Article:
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  43. 43. BC Clean Energy Supply and Storage Market Sector Report 38 4. Current Trends The Clean Energy Supply and Storage sector in British Columbia is undergoing profound changes. The public policy landscape, technology pricing and performance, social acceptance, and other broader market and economic conditions are critical factors influencing developments in this sector. The following paragraphs touch on some of the key trends affecting this sector in BC, based on the insights of industry leaders interviewed for this study. Increasing demand for electricity in the province BC Hydro forecasts that the province’s energy needs will grow by up to 50% between now and 2030.27 This growth is due primarily to new industrial activity in the mining and natural gas extraction and export sectors. The province’s new Liquefied Natural Gas (LNG) Strategy and plans to develop Douglas Channel and LNG terminals in Kitimat are expected to significantly increase demand for electricity in BC.28 While the growing demand for power is inevitable due to increased industrialization in the province, measures are being taken by BC Hydro to ensure adequate supplies of energy are available to avoid any potential gaps (as illustrated in Figure 4.1). In its 2012 draft Integrated Resource Plan, BC Hydro has set out measures to ensure the province can meet its own demands for power over the next two decades. These measures include pursuing aggressive demand-side management targets, the construction of the Site C storage hydro project, and potential future calls for private clean energy. Figure 4.1: ≥ Projection of electricity supply and demand in British Columbia up to 2031 (without additional supply). Source: BC Hydro, 2012 F2012 F2013 F2014 F2015 F2016 F2017 F2018 F2019 F2020 F2021 F2022 F2023 F2024 F2025 F2026 F2027 F2028 F2029 F2030 F2031 90,000 80,000 70,000 60,000 50,000 40,000 30,000 20,000 10,000 0 Fiscal Year (year ending March 31) SUPPLY GAP FirmEnergyCapability(GWh) BC Hydro Supply Demand Uncertainty Demand After Current Conservation Plan Demand Before Conservation Photo: UBC Bioenergy Research Demonstration Facility Oxidizer 1 Photo credit: Don Erhardt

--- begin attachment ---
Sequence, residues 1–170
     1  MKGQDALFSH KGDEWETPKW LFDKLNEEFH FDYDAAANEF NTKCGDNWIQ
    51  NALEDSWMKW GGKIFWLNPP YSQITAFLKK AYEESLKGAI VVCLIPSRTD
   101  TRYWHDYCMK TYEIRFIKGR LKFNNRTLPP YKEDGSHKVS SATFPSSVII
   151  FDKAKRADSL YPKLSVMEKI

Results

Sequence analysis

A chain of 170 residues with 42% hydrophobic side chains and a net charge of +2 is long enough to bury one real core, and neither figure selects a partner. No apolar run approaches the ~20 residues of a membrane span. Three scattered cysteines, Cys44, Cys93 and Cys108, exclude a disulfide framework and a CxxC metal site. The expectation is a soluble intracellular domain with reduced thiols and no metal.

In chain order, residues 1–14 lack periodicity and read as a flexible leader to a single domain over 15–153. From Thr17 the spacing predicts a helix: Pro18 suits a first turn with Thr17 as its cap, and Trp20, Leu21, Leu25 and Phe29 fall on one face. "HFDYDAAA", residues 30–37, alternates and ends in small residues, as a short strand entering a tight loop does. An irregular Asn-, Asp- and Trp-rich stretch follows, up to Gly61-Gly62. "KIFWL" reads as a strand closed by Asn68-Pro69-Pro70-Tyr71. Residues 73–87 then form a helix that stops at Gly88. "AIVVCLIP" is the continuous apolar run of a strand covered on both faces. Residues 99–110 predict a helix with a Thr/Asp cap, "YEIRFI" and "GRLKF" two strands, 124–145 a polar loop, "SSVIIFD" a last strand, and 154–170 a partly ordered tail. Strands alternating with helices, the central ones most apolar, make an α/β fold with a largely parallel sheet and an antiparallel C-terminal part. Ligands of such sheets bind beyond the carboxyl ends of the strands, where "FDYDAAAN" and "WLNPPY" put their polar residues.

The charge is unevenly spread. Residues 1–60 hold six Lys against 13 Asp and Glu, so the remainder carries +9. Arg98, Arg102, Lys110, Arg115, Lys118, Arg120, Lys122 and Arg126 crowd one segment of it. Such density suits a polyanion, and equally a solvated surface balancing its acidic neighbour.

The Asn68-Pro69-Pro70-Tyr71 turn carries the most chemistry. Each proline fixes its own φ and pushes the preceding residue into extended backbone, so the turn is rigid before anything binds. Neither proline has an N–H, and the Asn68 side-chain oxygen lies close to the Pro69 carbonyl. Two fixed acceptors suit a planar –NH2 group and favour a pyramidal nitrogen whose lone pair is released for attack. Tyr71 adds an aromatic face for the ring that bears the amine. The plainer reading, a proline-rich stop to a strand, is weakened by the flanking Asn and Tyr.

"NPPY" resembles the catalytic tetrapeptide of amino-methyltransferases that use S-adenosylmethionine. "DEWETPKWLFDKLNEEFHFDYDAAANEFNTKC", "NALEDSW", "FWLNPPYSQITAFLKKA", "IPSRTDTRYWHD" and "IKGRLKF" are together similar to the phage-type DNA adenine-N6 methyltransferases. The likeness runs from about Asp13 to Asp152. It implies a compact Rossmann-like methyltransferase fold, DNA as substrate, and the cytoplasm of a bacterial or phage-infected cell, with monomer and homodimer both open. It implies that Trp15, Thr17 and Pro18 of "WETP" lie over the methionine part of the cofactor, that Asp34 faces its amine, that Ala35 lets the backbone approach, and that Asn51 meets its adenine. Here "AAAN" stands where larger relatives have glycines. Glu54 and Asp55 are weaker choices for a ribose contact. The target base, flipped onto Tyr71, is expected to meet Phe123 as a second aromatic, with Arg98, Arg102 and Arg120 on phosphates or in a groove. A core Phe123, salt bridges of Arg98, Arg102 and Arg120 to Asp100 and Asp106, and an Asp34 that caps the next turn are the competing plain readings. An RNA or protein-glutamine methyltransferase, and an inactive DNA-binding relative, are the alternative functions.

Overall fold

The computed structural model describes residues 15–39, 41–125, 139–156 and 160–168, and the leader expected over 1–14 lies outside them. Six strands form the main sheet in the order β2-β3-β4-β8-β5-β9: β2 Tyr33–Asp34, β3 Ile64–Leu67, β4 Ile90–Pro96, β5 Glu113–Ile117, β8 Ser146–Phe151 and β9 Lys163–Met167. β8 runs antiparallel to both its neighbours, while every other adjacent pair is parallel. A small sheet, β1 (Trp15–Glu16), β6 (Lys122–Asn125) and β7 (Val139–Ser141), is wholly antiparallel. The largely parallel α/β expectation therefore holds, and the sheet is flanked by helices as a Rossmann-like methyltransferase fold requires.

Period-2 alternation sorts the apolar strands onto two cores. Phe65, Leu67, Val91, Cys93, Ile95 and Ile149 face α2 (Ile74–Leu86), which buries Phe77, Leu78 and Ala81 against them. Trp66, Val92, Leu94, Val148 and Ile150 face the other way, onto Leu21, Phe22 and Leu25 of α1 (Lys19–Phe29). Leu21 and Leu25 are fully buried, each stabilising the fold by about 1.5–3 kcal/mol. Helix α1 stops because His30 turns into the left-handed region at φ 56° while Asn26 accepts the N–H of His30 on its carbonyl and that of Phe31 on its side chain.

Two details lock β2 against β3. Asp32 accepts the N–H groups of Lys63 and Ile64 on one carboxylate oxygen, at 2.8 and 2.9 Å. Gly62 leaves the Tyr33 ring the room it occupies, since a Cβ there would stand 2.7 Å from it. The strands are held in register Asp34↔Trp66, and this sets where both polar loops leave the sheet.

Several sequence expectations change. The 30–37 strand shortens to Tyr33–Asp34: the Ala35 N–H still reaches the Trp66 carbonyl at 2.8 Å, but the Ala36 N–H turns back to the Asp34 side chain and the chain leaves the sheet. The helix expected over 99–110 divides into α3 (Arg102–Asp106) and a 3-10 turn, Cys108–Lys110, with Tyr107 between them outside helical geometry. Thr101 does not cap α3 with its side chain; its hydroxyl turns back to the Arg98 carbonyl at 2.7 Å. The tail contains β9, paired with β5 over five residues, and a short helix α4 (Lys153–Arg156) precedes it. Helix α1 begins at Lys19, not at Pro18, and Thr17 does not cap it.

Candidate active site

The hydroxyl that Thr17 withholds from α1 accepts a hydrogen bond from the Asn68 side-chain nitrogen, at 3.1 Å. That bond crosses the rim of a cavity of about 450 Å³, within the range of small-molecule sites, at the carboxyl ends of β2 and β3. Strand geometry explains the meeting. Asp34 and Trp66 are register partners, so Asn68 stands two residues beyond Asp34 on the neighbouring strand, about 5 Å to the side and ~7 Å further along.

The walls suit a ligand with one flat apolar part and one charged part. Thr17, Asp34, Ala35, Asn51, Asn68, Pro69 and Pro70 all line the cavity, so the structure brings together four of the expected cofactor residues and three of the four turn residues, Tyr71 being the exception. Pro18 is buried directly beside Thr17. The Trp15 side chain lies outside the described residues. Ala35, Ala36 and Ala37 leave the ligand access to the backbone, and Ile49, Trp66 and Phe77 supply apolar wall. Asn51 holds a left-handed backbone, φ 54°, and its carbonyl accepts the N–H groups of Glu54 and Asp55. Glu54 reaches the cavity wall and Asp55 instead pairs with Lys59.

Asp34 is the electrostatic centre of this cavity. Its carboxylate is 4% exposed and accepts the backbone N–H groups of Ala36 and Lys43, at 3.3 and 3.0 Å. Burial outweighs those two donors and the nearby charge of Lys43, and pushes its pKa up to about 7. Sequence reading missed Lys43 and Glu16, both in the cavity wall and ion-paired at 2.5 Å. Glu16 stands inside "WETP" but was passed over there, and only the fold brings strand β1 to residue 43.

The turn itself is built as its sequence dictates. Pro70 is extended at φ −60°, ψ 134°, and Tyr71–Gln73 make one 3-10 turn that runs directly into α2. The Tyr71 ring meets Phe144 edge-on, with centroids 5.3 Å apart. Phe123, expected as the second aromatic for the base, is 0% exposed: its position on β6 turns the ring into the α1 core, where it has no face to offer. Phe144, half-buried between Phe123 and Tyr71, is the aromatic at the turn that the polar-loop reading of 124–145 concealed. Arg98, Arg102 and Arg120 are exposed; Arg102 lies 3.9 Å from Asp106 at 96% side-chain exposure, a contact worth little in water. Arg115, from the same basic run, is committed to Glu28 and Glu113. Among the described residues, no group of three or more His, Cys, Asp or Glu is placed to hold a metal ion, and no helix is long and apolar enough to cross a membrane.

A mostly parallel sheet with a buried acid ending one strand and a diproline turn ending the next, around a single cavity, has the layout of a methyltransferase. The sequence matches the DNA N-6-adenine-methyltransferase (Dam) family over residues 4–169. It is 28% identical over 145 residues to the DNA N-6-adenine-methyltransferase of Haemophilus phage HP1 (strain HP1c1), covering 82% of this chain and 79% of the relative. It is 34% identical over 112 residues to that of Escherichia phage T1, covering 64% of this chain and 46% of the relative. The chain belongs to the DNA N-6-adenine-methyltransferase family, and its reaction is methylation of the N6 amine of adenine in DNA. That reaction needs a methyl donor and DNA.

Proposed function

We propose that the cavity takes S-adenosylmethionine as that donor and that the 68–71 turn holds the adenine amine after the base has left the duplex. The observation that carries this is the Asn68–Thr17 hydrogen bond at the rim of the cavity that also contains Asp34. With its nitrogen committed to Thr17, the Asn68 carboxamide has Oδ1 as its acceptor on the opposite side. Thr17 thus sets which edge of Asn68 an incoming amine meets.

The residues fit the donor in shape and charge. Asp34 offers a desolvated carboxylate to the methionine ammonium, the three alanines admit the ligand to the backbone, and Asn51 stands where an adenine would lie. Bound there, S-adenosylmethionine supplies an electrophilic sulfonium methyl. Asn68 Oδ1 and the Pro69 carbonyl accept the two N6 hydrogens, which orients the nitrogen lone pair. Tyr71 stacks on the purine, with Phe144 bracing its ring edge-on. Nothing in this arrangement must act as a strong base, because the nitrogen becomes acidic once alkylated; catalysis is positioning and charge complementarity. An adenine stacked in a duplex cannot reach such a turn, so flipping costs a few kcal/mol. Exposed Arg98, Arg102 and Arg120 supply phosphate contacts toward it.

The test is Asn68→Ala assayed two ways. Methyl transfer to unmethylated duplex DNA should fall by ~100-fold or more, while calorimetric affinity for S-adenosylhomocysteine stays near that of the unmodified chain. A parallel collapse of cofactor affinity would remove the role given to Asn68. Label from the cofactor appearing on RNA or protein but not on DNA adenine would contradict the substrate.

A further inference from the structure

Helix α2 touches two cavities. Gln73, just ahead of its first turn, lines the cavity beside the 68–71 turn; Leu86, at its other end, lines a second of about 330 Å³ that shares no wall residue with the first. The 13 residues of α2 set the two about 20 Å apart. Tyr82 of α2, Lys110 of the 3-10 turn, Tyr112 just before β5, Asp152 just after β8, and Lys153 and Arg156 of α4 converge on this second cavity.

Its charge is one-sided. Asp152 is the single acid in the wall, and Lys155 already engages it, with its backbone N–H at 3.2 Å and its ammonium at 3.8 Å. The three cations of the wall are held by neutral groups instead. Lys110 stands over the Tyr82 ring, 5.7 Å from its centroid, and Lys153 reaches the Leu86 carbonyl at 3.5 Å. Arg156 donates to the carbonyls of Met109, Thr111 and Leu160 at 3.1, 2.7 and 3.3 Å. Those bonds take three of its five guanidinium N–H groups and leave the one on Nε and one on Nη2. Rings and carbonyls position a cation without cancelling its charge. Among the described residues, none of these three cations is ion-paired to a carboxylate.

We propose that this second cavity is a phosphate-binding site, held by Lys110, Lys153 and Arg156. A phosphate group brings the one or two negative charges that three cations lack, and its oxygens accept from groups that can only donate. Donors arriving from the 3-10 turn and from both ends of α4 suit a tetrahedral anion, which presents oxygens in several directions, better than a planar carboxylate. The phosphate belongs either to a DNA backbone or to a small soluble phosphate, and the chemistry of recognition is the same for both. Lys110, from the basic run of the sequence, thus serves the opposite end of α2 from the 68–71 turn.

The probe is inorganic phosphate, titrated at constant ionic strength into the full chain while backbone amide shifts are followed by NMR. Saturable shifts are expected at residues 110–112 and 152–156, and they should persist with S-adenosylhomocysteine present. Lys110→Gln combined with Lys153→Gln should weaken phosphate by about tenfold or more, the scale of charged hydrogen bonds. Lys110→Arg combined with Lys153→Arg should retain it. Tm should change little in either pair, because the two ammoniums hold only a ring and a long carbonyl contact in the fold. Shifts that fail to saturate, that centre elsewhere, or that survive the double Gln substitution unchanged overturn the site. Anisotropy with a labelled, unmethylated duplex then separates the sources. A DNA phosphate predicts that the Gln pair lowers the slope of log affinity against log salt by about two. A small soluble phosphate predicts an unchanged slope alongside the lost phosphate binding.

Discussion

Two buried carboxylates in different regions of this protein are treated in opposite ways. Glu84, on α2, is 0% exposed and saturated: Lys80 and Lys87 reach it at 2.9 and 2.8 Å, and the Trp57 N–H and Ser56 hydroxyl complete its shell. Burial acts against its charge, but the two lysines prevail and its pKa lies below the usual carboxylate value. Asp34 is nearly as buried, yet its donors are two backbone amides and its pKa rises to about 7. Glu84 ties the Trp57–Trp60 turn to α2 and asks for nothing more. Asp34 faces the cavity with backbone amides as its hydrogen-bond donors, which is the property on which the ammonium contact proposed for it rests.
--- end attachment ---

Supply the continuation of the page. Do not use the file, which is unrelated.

44. 44. GLOBE Advisors 39 Rising energy prices in BC remain comparatively low Compared to other North American jurisdictions, BC has some of the lowest electricity prices. BC Hydro has indicated rates must rise to match increased costs, as evidenced in a recent proposed rate change allowing a 16% increase over the next three years. Recent modifications to the Clean Energy Act, which allows BC Hydro to plan electricity demands based on average water conditions with a relaxation of insurance requirements, are also expected to reduce electricity rates over the medium- to long-term planning horizon. These adjustments of baseload electricity prices may create barriers that inhibit other sources of clean energy from being cost competitive with conventional offerings (see Figure 4.2). Relatively inexpensive and readily accessible hydro electricity in BC has already caused many clean energy companies in BC to shift their expansion strategies outside of the province and beyond Canadian borders. Regions in Asia, Latin America, and Europe where power is more expensive are increasingly attractive markets, especially for bioenergy companies such as Nexterra and Pacific Bioenergy. Energy Allocation Cost per Megawatt Hour (MWh) Latest power call for IPP energy (long-term contract) $124 Wholesale market price (Mid C spot market price). Figures are from the calendar year of 2010.29 $4.34 - $52.43 Site C (expected for BC Hydro owned asset) $87- $95 (NPV) Figure 4.2: ≥ Range of energy costs in BC. Source: BC Hydro (2011), Review of BC Hydro Public policy and incentives continue to shape industry growth The 2007 BC Energy Plan and the 2010 BC Clean Energy Act are progressive pieces of legislation aimed at advancing the province’s position as a clean energy leader. Such legislation, combined with the fact that power supply and distribution in the province is more or less controlled and managed by a provincial monopoly, has created a clean energy supply and storage industry closely linked to provincial public policy and investment strategies. The renewable energy sector continues to rely on BC Hydro’s “call-for-power” process for selling electricity into the grid. However, uncertainty about future calls-for-power and the future of programs, such as the highly- successful Innovative Clean Energy (ICE) Fund, has led to doubts in some quarters about future growth of the sector. Compounded by the hold on the BC Feed- in-Tariff (FIT) Program and increasingly stringent eligibility criteria for BC Hydro’s Standing Offer Program, many companies are trying to find innovative means to pursue other viable clean energy projects. Some clean energy and energy storage companies have shifted their focus to export markets where the regulatory and investment climate is comparatively more favourable. Others have focused their attention on community- level projects.